Since his breakout work in the WWF, Hollywood has struggled to find a home for the impossibly charismatic beefcake. While not suited to the grim and gritty likes of Walking Tall and Doom, an unlikely role in Be Cool – the charming if forgettable sequel to Get Shorty – revealed his true potential. Playing a gay bodyguard with a heart for show business, his tough guy aspirations tend to be overshadowed by his showbiz ambitions – as in a memorable scene where he pivots from swinging a baseball bat at John Travolta to delivering a monologue (or ‘dialogue’, really) from Bring It On.
That scene is Johnson’s career in microcosm – violence preceding chafing against heteromasculinity, a torrent of goofball charm and, finally, a brusque attempt to push him back into more conventional gender roles. (“You might think about doing a part written for a man,” advises Travolta with an air of condescension.) Johnson is typically the best thing about the movies he’s in, but few of those films – whether quality stuff like Fast Five or middling chaff like Hercules – really let him flex his comedic muscles.
Central Intelligence promises to be a corrective to all that. An action-comedy whose trailers play up the ‘comedy’, it pairs up Johnson with 2010s-favourite-comedian Kevin Hart (facilitating the kinda-clever-the-first-time tagline, “Saving the world takes a little Hart & a big Johnson,”) and gives the former plenty of opportunities to demonstrate his knack for silly comedy. Playing a CIA agent, Johnson exhibits puppy-dog enthusiasm along with a fondness for unicorns and bum-bags (a reference to this still-hilarious photo); Hart’s relegated to the role of straight man as an accountant roped into a search for some kind of world-threatening MacGuffin. Nuclear codes, maybe? I dunno. It doesn’t matter.
Or it shouldn’t, anyway. Central Intelligence’s biggest mistake is forgetting that no-one goes to see movies like this for the intricacy of the espionage plot, spending far too much screentime on the particulars of its half-baked twists and turns. In particular, it decides to commit to developing the possibility that Johnson’s character, Bob Stone, is in fact a psychopathic bad guy. It’s a baffling decision, partly because there’s no way the audience believes for a second that he’ll actually turn out to be the villain, but mostly because it interrupts – and sometimes straight-up sabotages – the intended comedic chemistry between Johnson and Hart.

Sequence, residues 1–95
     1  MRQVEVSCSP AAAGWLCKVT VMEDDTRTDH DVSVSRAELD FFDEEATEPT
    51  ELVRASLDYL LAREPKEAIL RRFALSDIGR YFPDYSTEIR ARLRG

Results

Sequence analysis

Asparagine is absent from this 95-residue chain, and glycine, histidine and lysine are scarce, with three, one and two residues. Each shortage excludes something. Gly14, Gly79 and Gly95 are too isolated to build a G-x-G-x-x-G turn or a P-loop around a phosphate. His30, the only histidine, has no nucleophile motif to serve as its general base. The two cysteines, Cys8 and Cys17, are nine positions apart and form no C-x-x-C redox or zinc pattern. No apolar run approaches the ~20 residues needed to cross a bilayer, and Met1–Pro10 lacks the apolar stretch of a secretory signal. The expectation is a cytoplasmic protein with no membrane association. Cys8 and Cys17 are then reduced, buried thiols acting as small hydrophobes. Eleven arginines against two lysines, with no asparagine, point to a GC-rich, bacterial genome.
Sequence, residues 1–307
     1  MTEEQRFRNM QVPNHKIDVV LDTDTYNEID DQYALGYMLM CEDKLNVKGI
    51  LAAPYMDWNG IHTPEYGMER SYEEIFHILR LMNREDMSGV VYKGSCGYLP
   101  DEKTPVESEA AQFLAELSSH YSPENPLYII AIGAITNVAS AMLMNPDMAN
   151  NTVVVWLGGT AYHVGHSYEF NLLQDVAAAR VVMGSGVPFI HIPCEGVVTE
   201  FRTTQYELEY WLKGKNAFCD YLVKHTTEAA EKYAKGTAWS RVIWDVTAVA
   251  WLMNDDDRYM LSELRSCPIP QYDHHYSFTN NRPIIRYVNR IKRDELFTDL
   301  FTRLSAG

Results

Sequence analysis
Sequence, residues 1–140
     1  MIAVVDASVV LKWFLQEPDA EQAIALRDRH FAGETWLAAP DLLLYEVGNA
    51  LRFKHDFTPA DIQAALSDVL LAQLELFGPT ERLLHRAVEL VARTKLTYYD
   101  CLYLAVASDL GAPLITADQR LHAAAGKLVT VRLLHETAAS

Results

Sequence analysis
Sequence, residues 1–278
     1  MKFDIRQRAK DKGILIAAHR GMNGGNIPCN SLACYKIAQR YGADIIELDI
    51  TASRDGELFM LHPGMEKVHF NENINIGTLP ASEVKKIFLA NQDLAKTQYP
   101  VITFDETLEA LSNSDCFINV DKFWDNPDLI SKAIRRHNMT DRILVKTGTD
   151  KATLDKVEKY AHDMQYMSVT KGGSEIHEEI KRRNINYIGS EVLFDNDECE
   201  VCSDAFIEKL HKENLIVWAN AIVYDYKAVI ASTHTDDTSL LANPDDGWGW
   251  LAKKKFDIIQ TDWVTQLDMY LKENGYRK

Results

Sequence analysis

When that chemistry is firing – as when their characters, who attended the same high school, reunite at a bar after a surprise Facebook friend request – it’s killer, helped along by the occasional great line (exhibit 1: “You look like a black Will Smith!” exhibit 2: “You were a power couple, like Taylor Swift and whoever she’s dating right now!”). It’s a time-honoured dynamic – enthusiasm meets reluctance – but the plot machinations keep getting in the way. It doesn’t help that Hart keeps trying to be Eddie Murphy when he’s supposed to be playing Judge Reinhold, either.
Perhaps Hart’s reluctance to slot into the straight man archetype can be forgiven by his character’s backstory – or, really, the shared backstory of Johnson and Hart’s characters. When they were at school, “Bob Stone” was Robbie Weirdict, a fat outcast bullied and belittled by his peers; the film opens on a flashback to him being tossed onto the basketball court in front of the entirety of the school, buck naked. (Why, precisely, he was showering why the rest of the school were at assembly is never satisfactorily explained.) Hart, meanwhile, was Calvin “Golden Jet” Joyner, the most popular and successful kid on campus. His anxieties that he peaked in high school arguably contribute to his increasing discomfort playing second fiddle to Bob, along with his increasing reluctance to play nice, particularly when faced with CIA heavies like Agent Harris (Amy Ryan), with whom he exchanges otherwise out of character banter.
Central Intelligence might have been that great film that Dwayne Johnson deserves had it spent more time developing the aftereffects of this shared backstory rather than spending so much time on spy shenanigans. Director Rawson Marshall Thurber’s take on the men’s shared insecurities is often pretty broad; case in point, they cast Jason Bateman as the grown-up bully who tormented Robbie, which is about the most obvious casting choice in the world (especially if you’ve seen The Gift).
But broad is necessarily bad in this kind of comedic context, and when most of the film’s best moments revolve around the two men coming to terms with growing up into someone they never thought they’d be (along two entirely different trajectories, granted) it’s hard not to wish they’d pushed this angle harder than the “Jason Bourne in jorts” stuff. Especially when the film’s climax occurs at the pair’s 20 year high school reunion, a scene that should play as triumphant and cathartic but instead feels sorta rushed. There is a great cameo, mind you.
Maybe the emphasis on espionage/action could have worked had there been any weight to this plot, or political substance or, hell, an entertaining action scene or two (one imagines the budget may have been a restrictive factor here). Instead, Central Intelligence feels sadly typical of Johnson’s filmography – miles from terrible, but another missed opportunity to harness the fundamental force of The Rock.